Re: General Resolution: Removing non-free
Adam Heath <firstname.lastname@example.org> writes:
> > woody distribution."
> Having a contrib section means part of debian will depend on non-free. Are
No it does not. Read the social contract. Contrib is not part of the
> you implying that contrib be removed as well? If not, then you are
Contrib does not necessarily depend upon non-free. I do not therefore
make any specific proposal with regard to contrib at this time.
> Mentioning an exact code name of debian in an official document is something I
> frown upon.
I do too, but no better option immediately suggested itself.
> > B. That the non-free section be removed from woody on all Debian
> > archives, and that all packages so placed there in accordance with the
> > definition in Policy section 2.1.4 be removed from the Distribution.
> > The introduction into Debian of any package meeting the non-free
> > definition in Policy section 2.1.4, or failing the Debian Free
> > Software Guidelines, shall be permanently banned.
> All non-free sections removed, eh? Then how can we 'continue to distribute
> non-free software previously distributed via its FTP site prior to the woody
I did not say that. I said: removed *from woody*.
> If non-free is removed, then a package obviously can't be placed there. Do
> you mean to say that all packages currently in existance in non-free shall be
> removed? If so, that contradicts with A2 above.
All packages currently in non-free in woody shall be removed.
> If non-free doesn't exist, a package can't be introduced, obviously. If I
That clause is there to make it clear that non-free shall not be
recreated at a future time.
> upload a package to incoming, and the ftp admins, when looking over the new
> pkg, discover that it is non-DFSG, they currently reject it. I see no reason
> to explicitly state this.
> Permanmently banning a package is bad. This gives no leeway to the package
> becoming free in the future.
I do not permanently ban a package. I permanently ban uploading
packages that are non-free. If a package's license changes such that
it is free, it no longer meets Policy's definition of non-free, and
thus would be OK. If you believe there is a potential
misunderstanding with my wording, I'd be happy to entertain
suggestions for a fix.
> > Any one of the following should at least justify the examination of
> > the issue.
> > 1. Non-free software is no longer an essential or standard part of a
> > typical installation.
> I need to say something first, to get it off my chest. I think that you have
> a somewhat tainted view of the world. Your primary system is alpha, not
> i386. By being non-i386, you already limit the amount of non-free software
> that is available to you, so you don't know how useful it really can be, in a
> production, real world environment, where machines needs to talk to disparate
The Debian system does not contain non-free on any platform. On ANY
While it is true that my primary home platform is Alpha, this does not
mean that I am without experience on x86 architectures. Nor does it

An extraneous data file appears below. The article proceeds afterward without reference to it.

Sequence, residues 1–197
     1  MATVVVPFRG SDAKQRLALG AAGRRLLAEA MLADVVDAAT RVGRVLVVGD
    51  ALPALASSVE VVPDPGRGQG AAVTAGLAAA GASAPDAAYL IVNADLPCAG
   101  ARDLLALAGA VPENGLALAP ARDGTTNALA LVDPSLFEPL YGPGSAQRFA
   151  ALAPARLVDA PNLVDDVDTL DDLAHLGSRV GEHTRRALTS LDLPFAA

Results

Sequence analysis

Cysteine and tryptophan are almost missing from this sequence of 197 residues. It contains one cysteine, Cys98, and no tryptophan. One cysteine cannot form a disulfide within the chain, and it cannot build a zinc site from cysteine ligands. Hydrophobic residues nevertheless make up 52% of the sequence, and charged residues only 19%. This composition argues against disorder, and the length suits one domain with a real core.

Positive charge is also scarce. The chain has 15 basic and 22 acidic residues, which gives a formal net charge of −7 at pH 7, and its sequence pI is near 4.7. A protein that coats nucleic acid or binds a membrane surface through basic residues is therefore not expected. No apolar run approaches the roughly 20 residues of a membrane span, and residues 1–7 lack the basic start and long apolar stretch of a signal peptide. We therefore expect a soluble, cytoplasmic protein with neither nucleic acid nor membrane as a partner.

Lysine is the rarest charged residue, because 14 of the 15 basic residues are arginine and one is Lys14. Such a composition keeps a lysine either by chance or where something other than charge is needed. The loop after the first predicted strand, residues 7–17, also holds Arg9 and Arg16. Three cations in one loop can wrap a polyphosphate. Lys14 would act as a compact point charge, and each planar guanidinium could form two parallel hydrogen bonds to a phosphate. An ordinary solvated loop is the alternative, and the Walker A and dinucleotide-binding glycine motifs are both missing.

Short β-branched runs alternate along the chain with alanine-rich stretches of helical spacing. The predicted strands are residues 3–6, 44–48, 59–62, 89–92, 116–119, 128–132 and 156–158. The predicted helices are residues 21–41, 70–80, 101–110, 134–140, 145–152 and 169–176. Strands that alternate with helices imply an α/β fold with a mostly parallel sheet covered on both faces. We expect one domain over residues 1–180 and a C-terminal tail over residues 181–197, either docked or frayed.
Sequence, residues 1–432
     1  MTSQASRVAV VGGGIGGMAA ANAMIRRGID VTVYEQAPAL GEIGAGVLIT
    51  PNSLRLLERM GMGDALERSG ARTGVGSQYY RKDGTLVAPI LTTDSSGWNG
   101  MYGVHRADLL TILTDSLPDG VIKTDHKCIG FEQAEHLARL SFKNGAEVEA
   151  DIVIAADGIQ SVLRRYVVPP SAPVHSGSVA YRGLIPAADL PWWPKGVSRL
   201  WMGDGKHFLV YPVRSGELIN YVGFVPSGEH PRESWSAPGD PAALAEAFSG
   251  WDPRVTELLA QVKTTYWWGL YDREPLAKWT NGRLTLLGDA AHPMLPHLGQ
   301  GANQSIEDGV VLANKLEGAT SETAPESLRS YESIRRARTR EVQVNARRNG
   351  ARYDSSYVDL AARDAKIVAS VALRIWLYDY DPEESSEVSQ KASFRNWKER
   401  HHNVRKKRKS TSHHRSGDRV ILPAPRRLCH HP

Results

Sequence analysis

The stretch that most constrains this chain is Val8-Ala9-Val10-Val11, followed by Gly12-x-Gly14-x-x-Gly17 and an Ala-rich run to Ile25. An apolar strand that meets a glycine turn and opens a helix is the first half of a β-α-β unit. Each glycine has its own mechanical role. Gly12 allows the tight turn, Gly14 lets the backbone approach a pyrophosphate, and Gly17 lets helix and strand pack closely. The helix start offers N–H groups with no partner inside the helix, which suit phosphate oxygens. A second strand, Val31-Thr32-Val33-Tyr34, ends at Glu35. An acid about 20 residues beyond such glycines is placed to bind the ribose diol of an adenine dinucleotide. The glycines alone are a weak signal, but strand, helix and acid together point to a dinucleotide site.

in any way lessen my ability to speak about issues of Free Software.
If you see fit to shoot the messenger on the basis of his chosen
platform, let me instead point out that people like me are obvious
proof that life without large portions of non-free is not only easily
doable, but has been done for some-time.
> > The contract is supposed to be one between us and the Free Software
> > community. Supporting a non-free section in no way supports Free
> > Software or its community.
> No, the contract is between us and our USERS.
Dare I remind you of the title of the document?
Social Contract with the Free Software Community
If it was a contract between us and the users, I very much suspect it
would say "Social Contract with Debian's Users" instead.
> > 3. Supporting non-free software gives nothing to Debian.
> Oh, but it does. It gives us more users.
Oh, wait a minute. What is this? Are you suggesting that Debian
cares more about popularity contests than about Free Software? Do you
advocate the elimination of our Free Software principles for the sake
of gaining "more users"?
I have news for you, Adam. Debian was founded upon principles of Free
Software. We have operated under them ever since. We do not have to
bow to marketing pressures like people such as RedHat do -- we can do
what is RIGHT -- morally, ethically, and technically. Because we do
not have to be concerned about user counts.
I dare say that running Debian as a Windows system (in whatever way)
would bring more users. However, I also think you'd agree this would
be contrary to our principles.
Why do you advocate the abandonment of our principles simply to gain a
small amount of popularity?
> > 4. This clause was never debated when the Social Contract was created.
> It was given the chance, but no one bothered.
I did not state that the chance did not exist.
> > 5. The existance of the non-free section is being used as a cop-out by
> > those that seek to peddle non-free wares.
> Low blow. People pkg non-free software, because they NEED it for some
> function, and a free alternative doesn't exist to fulfill their needs.
Perhaps that was the case when it was packaged. Today, non-free is
I am not talking about our maintainers either, Adam. I am talking
about non-Debian companies that use non-free as an excuse for